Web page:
Together, you crocheted hopes for love and adventure and deep living into the folds of your blankets. You used the yarn to cast out lines for the lives you yearned to grow into once you left home. With each stitch, you freed yourself from the burden of your ancestors' stories, and the narratives they felt you should live out – those hollow, empty things like graves or debilitating traditions. So much made with a self- taught half-stitch. Not even a real stitch at all, some said. That didn't stop you from making a whole story with it.
That was your blanket woven with sister love and the unburdened glee of youth. None of you even minded that your blankets were a mishmash of colors and textures as you learned how to loop a proper, even stitch. Tried, anyway. After two or three years of busily working on your infinite blanket, while watching old movies or over long conversations, you decided your masterpiece was finished. It sits folded at the foot of your bed now, twice the size of any normal blanket, and twice as full of history and love.
Your second infinite blanket came to you in graduate school. This was your one and only attempt at knitting. It was a wish made of mustard and cranberry yarn, warming stripes that reminded you of red chile and yellow butter melting on fresh-from-the-skillet tortillas. It would keep the darkness away while living in the land of the cold and the gray. Like your school experience, knitting was less forgiving of your mistakes as you fumbled your way through these more sophisticated stitches. There was no do-over like with crocheting. No re-knits to iron out the kinks. Your only option was to start over completely if you lost a stitch or to keep blazing forward, uninhibited by the lack of perfection.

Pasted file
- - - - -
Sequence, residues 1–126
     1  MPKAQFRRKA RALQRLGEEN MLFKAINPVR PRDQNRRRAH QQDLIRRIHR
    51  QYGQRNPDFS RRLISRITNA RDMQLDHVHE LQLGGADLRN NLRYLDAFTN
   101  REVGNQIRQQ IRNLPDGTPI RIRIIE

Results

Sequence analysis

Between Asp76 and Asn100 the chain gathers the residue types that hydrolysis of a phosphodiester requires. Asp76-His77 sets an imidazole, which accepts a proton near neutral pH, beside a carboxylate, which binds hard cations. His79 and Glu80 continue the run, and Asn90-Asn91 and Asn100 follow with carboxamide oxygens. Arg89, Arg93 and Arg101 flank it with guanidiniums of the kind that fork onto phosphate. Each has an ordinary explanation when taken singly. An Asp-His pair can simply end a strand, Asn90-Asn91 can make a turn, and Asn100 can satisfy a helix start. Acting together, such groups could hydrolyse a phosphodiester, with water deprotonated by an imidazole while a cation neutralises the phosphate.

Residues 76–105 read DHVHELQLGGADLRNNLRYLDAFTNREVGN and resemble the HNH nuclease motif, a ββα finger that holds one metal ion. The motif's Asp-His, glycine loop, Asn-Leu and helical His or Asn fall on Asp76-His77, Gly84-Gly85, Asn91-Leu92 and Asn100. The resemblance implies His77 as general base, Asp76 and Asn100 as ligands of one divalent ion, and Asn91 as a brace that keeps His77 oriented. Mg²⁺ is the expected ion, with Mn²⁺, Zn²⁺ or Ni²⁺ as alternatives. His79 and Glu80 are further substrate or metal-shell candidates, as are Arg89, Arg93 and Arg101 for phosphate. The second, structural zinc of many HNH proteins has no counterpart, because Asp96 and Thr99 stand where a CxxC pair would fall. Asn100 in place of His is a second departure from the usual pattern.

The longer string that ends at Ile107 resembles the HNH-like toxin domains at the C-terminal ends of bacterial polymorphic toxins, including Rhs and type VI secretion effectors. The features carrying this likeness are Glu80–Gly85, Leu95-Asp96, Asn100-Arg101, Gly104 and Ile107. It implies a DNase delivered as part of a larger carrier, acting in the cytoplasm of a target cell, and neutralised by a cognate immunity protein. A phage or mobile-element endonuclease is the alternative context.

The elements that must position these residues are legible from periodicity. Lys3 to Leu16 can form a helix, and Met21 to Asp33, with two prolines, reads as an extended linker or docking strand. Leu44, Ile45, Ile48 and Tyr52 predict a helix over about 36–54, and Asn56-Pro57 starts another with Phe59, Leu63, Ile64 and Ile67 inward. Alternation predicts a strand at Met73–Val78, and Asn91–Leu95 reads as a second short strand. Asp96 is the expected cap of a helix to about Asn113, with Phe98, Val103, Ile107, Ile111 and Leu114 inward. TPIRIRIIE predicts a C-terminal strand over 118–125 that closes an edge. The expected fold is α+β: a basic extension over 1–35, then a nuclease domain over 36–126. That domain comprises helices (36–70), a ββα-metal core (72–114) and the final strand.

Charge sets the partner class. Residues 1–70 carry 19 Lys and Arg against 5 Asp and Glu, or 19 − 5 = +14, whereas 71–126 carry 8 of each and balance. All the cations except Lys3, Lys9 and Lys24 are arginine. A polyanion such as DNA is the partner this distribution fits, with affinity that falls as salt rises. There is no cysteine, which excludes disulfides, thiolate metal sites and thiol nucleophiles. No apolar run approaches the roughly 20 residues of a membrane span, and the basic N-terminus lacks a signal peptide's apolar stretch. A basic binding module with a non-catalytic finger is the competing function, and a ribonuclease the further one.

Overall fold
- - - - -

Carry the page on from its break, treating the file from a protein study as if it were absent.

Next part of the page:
You chose the latter. Looking back had always seemed like a waste, precision seriously overrated. No, you preferred these flaws and holes in your blanket. The better to let bad spirits escape, according to an old legend native to your beloved Southwest, learned from your mother and practiced each time you wound the wooden needles larger than your forearm around each other. Relearned again and again, when your pages came back dripping with micro-aggressions and cultural superiority. Four years down the road, this one was three times the length any proper blanket should be; you had a lot to work through. A lot to conjure. You could almost trail it along the perimeter of your apartment twice over if you wanted, but you'd much rather snuggle into the all-encompassing folds of that comfortably imperfect and utterly complete blanket. What mattered was that things got done. Perfect stitches are for people who don't want to move forward. So much safer to fuss and dawdle over one precious pattern than to allow yourself to create without censor.